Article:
It’s a dirty secret, scarcely uttered among the faithful fans of either side, but on Friday, August 20th, 1971, red and white scarves waved frenetically on the Kop, the home team wore red jerseys and brought with them an august history of trophy hauls and global prominence. It was an afternoon buried by football history, when Manchester United played as the home side at Anfield.
It just happened once, against Arsenal. Unlike Everton, who played at home there for a period during the 1880s, in 1971, United had seen a fair amount of hooligan trouble and were paying what some might say was the ultimate price. A number of hooligans had thrown knives into the away section at Old Trafford and the punishment dealt by the FA was that their first two home matches of that season would be played away from their traditional home ground. Instead, they’d be played at Anfield and Victoria Ground, home to Stoke.
On the day, Manchester United ran out comfortable 3-1 winners, giving them a creditable 100% record as the Anfield home team. It was the first year since Sir Matt Busby had left the club and new manager, former republic of Ireland international Frank O’Farrell. O’Farrell says there was a different relationship in those days between clubs.
At that time there was a lot of goodwill shown to United,’ O’Farrell, now 84, recalled from his Devon home this week. ‘There was only willingness to help. It was spontaneous. Most clubs had that attitude to United.
‘I had people really wanting to help and Bill Shankly and Liverpool were really helpful. They didn’t hum and haw, or say, ‘‘Can we ring you back?’’ I’d like to stress that — they said, ‘‘We’d like you to play the Arsenal game at Anfield.
‘Being at Anfield wasn’t a big issue for the players, they knew they were playing in a great stadium,’ he added. ‘We wore our home kit. Arsenal were attractive opposition.
But if you happen to ask the players, there seems to be a problem with remembering the occasion. Manchester United came from behind, with Alan Gowling netting the equaliser over Arsenal keeper Bob Wilson. Gowling struggles to recall the match today.
United played a home match at Anfield? Give over.
Alex Stepney, a much lauded name among United fans with over 400 appearances, saved from Arsenal winger George Armstrong at the Kop end but struggles to recall feeling the love given to him by the Kop that afternoon.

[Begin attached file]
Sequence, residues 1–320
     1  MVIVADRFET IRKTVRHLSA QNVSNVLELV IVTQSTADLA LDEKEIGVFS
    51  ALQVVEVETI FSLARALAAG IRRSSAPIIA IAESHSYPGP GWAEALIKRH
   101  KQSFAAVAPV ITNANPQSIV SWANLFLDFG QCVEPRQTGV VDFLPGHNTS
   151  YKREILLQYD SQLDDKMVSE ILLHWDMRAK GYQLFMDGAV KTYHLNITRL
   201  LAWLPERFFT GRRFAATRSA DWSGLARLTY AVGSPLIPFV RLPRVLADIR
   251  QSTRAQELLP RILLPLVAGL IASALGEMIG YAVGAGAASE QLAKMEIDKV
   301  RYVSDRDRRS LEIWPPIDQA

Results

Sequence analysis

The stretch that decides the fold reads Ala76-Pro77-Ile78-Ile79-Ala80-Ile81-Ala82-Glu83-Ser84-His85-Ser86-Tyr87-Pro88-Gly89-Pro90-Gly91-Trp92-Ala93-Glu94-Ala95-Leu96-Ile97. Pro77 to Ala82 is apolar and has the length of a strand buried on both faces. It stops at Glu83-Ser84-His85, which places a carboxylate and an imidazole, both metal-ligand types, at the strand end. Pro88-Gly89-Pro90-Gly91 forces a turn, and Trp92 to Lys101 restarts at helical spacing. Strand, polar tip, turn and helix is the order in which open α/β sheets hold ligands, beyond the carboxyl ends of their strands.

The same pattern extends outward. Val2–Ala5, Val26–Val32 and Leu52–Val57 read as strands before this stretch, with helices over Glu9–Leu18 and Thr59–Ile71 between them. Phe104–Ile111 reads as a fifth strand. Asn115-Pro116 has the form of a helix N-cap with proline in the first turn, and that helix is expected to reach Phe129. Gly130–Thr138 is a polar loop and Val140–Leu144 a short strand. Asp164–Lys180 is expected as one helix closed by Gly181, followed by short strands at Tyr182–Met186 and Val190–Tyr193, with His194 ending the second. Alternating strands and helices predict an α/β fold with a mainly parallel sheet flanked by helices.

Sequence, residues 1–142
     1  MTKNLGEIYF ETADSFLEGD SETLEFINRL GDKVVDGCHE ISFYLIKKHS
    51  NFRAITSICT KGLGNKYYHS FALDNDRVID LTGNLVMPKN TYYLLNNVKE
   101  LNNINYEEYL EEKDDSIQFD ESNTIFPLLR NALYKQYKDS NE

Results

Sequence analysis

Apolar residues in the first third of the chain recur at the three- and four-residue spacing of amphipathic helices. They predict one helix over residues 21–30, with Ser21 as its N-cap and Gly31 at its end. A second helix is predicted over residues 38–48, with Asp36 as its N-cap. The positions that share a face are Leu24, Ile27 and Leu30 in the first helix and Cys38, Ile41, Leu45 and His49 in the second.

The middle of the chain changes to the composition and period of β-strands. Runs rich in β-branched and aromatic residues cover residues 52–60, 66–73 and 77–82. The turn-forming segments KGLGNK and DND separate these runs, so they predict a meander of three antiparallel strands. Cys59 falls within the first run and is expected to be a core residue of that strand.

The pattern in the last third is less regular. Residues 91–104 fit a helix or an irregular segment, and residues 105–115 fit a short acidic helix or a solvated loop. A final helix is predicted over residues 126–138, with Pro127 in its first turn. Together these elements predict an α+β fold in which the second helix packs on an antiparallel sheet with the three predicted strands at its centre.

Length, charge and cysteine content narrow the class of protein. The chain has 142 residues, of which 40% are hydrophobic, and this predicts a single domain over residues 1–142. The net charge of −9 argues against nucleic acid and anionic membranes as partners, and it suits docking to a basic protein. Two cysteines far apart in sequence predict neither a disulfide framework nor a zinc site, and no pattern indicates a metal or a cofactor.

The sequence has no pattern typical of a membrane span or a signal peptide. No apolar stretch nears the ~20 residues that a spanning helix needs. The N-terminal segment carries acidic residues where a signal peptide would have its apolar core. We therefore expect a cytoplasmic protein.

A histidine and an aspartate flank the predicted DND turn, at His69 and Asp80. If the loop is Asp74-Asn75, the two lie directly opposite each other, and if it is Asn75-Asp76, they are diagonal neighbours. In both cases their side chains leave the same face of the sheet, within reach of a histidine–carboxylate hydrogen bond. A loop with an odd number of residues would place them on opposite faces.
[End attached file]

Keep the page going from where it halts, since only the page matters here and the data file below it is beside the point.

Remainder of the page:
I vaguely recall that we had to play two games away from Old Trafford, but I can’t recall that match. I thought I’d only ever won one match at Old Trafford when we beat Liverpool 4-1 (in 1969).
Despite a lot of influential George Best play he was taken off after 71 minutes and it was Bobby Charlton who scored the second goal at the Anfield Road End with a deft free kick circumnavigating the defensive wall, and Brian Kidd went on to grab the last of the three goals just before the whistle went for full time.
The event, as you might imagine, didn’t quite go smoothly. Despite the game being the result of sanctions against United fans, hundreds of the stormed the pitch before kick off, running from end to end and even as the game was being played, United fans were being ejected from the Kop. Liverpool were given 15% cut of the gate from the 27,649 attendance and United were made pay Arsenal for the inconvenience of the bizarre atmosphere.
As it happened, it was to be George Best’s last season with Manchester United. He looked a rejuvenated player for the first part of the season and United raced 10 points clear at the top of the table. But the Northern Irishman seemed to simply lose interest as the year wore on and by the end of the second half of the season, with United’s title challenge all but over, Best decided to head for Spain and the beach life.
It’s a little known fact that O’Farrell remembers it a little more clearly than his players. Until the 1960s, the relationship between clubs in the north of England was far closer than it is today. You could be a football supporter without hating anyone else. In Manchester, fans would quite regularly go and see both United and City games, depending on who was at home and how convenient it was for them. It was during the mid 60s that the rivalries took on a new character and the game became as much about your enemies as who you supported.
When Manchester United became the first club to lift the European Cup in 1968, Liverpool released the following statement:
‘British football can be proud of the United team who gave their all to give Matt Busby the Cup he cherishes above all else. It’s been a long, long drive for United to reach the top in Europe — no one will begrudge them being the first English club to make it.’
It was a different time, but perhaps modern day rivalries have taken on a bitter element that simply needn’t be the case. What do you think?